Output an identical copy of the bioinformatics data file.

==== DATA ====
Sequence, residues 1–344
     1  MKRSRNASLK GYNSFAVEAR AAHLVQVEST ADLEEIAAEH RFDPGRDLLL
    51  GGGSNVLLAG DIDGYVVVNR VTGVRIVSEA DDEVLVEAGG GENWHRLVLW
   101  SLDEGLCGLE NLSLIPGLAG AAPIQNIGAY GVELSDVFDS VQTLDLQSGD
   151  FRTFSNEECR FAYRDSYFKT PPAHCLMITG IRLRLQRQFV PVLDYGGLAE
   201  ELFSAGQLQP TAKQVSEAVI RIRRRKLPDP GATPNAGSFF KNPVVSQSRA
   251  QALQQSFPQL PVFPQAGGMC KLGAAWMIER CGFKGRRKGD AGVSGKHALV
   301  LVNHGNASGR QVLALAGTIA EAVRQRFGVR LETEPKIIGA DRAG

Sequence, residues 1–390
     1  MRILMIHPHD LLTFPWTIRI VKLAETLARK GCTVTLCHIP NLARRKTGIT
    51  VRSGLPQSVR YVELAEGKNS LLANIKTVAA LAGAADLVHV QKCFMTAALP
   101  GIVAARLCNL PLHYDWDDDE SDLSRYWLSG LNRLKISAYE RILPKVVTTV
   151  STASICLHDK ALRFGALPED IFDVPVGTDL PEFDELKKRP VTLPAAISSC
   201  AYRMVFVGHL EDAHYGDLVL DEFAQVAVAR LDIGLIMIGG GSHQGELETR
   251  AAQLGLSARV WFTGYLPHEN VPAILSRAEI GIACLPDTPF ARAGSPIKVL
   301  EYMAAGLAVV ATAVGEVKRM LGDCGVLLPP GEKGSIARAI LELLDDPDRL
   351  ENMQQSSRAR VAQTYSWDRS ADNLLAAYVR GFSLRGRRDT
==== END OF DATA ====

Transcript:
Sequence, residues 1–344
     1  MKRSRNASLK GYNSFAVEAR AAHLVQVEST ADLEEIAAEH RFDPGRDLLL
    51  GGGSNVLLAG DIDGYVVVNR VTGVRIVSEA DDEVLVEAGG GENWHRLVLW
   101  SLDEGLCGLE NLSLIPGLAG AAPIQNIGAY GVELSDVFDS VQTLDLQSGD
   151  FRTFSNEECR FAYRDSYFKT PPAHCLMITG IRLRLQRQFV PVLDYGGLAE
   201  ELFSAGQLQP TAKQVSEAVI RIRRRKLPDP GATPNAGSFF KNPVVSQSRA
   251  QALQQSFPQL PVFPQAGGMC KLGAAWMIER CGFKGRRKGD AGVSGKHALV
   301  LVNHGNASGR QVLALAGTIA EAVRQRFGVR LETEPKIIGA DRAG

Sequence, residues 1–390
     1  MRILMIHPHD LLTFPWTIRI VKLAETLARK GCTVTLCHIP NLARRKTGIT
    51  VRSGLPQSVR YVELAEGKNS LLANIKTVAA LAGAADLVHV QKCFMTAALP
   101  GIVAARLCNL PLHYDWDDDE SDLSRYWLSG LNRLKISAYE RILPKVVTTV
   151  STASICLHDK ALRFGALPED IFDVPVGTDL PEFDELKKRP VTLPAAISSC
   201  AYRMVFVGHL EDAHYGDLVL DEFAQVAVAR LDIGLIMIGG GSHQGELETR
   251  AAQLGLSARV WFTGYLPHEN VPAILSRAEI GIACLPDTPF ARAGSPIKVL
   301  EYMAAGLAVV ATAVGEVKRM LGDCGVLLPP GEKGSIARAI LELLDDPDRL
   351  ENMQQSSRAR VAQTYSWDRS ADNLLAAYVR GFSLRGRRDT